We are deeply saddened at the passing of Susan Rees, a great builder of the Coalition on Human Needs who served as Executive Director from 1983 to 1991.
We are so grateful Susan’s family has suggested contributions be made to CHN in Susan’s memory to continue the fight for justice.
If you would like to contribute to honor Susan Rees, please use the form below and email Radha Rath at firstname.lastname@example.org to let us know you are contributing in Susan’s memory.
You may also contribute by mail at the following address: Coalition on Human Needs, 1825 K Street, NW, Suite 411, Washington, DC 20006.
Tell the Senate: Pass COVID relief now.
Tell the Senate:
“The House passed essential COVID-19 relief legislation on Saturday. Now, we need the Senate to act swiftly. Millions of families are struggling to make ends meet during the pandemic, and states, schools and local governments need our help to ensure they have the resources to keep our communities safe.”
The House voted on Saturday to send the $1.9 trillion pandemic relief package to the Senate.We are getting closer to sending much needed relief to struggling families and cash-strapped states.
Now, we need the Senate to act. There is no margin of error in the Senate.
Write to your U.S. Senators right now, urging them to pass this $1.9 trillion pandemic relief package, which will provide aid to millions of U.S. households―to put more money in the pockets of low- and no-income families, cut childhood poverty in half and protect families against eviction and hunger.
There are new reports that some Senators are backing off of their commitment to provide essential aid to states, schools and local governments—money that’s urgently needed to continue to provide essential services during and beyond the pandemic.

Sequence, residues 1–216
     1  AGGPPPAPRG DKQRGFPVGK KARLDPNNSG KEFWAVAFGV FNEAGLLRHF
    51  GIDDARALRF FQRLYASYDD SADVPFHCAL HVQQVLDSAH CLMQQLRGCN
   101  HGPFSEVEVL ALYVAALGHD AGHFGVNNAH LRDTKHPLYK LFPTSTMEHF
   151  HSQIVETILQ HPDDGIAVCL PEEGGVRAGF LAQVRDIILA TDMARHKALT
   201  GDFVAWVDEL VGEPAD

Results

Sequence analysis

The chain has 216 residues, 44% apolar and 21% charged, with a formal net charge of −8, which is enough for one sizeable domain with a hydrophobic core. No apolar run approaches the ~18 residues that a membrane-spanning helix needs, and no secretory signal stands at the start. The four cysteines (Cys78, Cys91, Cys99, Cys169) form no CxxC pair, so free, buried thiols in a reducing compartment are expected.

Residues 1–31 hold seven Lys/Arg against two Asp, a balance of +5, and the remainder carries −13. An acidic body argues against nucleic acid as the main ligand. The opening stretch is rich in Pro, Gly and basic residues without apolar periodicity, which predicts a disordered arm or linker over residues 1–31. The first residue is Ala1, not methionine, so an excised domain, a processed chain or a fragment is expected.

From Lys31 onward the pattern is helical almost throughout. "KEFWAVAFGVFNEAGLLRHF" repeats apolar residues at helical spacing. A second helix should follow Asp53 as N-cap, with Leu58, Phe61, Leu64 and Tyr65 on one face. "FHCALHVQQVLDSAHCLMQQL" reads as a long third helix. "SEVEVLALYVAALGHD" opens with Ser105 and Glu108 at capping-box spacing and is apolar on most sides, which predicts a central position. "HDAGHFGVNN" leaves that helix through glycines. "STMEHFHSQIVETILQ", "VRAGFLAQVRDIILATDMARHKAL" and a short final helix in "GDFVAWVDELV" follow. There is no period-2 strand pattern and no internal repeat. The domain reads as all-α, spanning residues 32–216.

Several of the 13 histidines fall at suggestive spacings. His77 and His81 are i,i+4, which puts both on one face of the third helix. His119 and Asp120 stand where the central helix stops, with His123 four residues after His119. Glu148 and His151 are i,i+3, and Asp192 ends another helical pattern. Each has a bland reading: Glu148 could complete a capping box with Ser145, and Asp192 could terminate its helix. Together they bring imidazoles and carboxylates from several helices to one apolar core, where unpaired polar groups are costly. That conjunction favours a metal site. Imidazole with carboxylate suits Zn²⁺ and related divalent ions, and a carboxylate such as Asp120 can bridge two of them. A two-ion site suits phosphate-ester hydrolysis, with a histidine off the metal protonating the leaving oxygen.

President Biden’s $1.9 trillion federal stimulus bill contains $350 billion in relief for state and local governments, plus $170 billion for education. These funds will play a critical role for dozens of states that have hemorrhaged tax revenue during the pandemic recession. Alaska, for instance, saw state revenues fall by more than 42% during the pandemic. And it is needed to allow schools to open safely, with the extra help children will need if they’ve fallen behind.
The bill, passed by the U.S. House, provides truly important help where it is most needed. It would extend jobless benefits, provide substantial increases to the Child Tax Credit and EITC—which would cut childhood poverty nearly in half—fund housing and nutrition aid, provide $1,400 direct payments to people throughout our country, fund vaccine distribution, prevent child care providers from shutting down permanently, expand health care, and much more.
This direct aid to people, families and communities is critical to helping those struggling from loss of income, and it’s critical to getting us through this deadly pandemic.